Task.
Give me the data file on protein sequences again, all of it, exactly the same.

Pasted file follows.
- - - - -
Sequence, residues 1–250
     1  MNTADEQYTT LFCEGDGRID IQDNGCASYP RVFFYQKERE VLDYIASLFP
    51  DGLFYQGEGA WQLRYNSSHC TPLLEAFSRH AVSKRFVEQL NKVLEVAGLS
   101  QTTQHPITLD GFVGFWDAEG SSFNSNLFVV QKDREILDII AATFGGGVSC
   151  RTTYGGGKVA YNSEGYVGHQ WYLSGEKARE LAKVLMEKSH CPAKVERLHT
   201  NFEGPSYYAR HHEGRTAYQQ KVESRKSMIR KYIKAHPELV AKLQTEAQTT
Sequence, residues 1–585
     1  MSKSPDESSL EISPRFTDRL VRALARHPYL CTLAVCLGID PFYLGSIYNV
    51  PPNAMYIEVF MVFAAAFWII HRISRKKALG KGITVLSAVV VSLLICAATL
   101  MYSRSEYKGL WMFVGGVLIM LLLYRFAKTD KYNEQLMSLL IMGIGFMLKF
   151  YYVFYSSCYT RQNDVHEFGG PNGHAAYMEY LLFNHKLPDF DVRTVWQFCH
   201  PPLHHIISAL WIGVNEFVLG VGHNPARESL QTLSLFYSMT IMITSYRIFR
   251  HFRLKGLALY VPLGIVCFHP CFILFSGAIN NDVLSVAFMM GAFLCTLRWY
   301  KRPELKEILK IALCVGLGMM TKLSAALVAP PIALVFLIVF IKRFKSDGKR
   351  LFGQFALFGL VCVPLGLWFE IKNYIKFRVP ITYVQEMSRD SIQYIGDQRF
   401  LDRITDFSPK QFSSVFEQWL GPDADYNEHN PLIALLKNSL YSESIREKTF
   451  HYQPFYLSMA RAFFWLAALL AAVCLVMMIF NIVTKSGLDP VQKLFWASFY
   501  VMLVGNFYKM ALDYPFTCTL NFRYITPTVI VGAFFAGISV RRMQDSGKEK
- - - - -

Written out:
Sequence, residues 1–250
     1  MNTADEQYTT LFCEGDGRID IQDNGCASYP RVFFYQKERE VLDYIASLFP
    51  DGLFYQGEGA WQLRYNSSHC TPLLEAFSRH AVSKRFVEQL NKVLEVAGLS
   101  QTTQHPITLD GFVGFWDAEG SSFNSNLFVV QKDREILDII AATFGGGVSC
   151  RTTYGGGKVA YNSEGYVGHQ WYLSGEKARE LAKVLMEKSH CPAKVERLHT
   201  NFEGPSYYAR HHEGRTAYQQ KVESRKSMIR KYIKAHPELV AKLQTEAQTT
Sequence, residues 1–585
     1  MSKSPDESSL EISPRFTDRL VRALARHPYL CTLAVCLGID PFYLGSIYNV
    51  PPNAMYIEVF MVFAAAFWII HRISRKKALG KGITVLSAVV VSLLICAATL
   101  MYSRSEYKGL WMFVGGVLIM LLLYRFAKTD KYNEQLMSLL IMGIGFMLKF
   151  YYVFYSSCYT RQNDVHEFGG PNGHAAYMEY LLFNHKLPDF DVRTVWQFCH
   201  PPLHHIISAL WIGVNEFVLG VGHNPARESL QTLSLFYSMT IMITSYRIFR
   251  HFRLKGLALY VPLGIVCFHP CFILFSGAIN NDVLSVAFMM GAFLCTLRWY
   301  KRPELKEILK IALCVGLGMM TKLSAALVAP PIALVFLIVF IKRFKSDGKR
   351  LFGQFALFGL VCVPLGLWFE IKNYIKFRVP ITYVQEMSRD SIQYIGDQRF
   401  LDRITDFSPK QFSSVFEQWL GPDADYNEHN PLIALLKNSL YSESIREKTF
   451  HYQPFYLSMA RAFFWLAALL AAVCLVMMIF NIVTKSGLDP VQKLFWASFY
   501  VMLVGNFYKM ALDYPFTCTL NFRYITPTVI VGAFFAGISV RRMQDSGKEK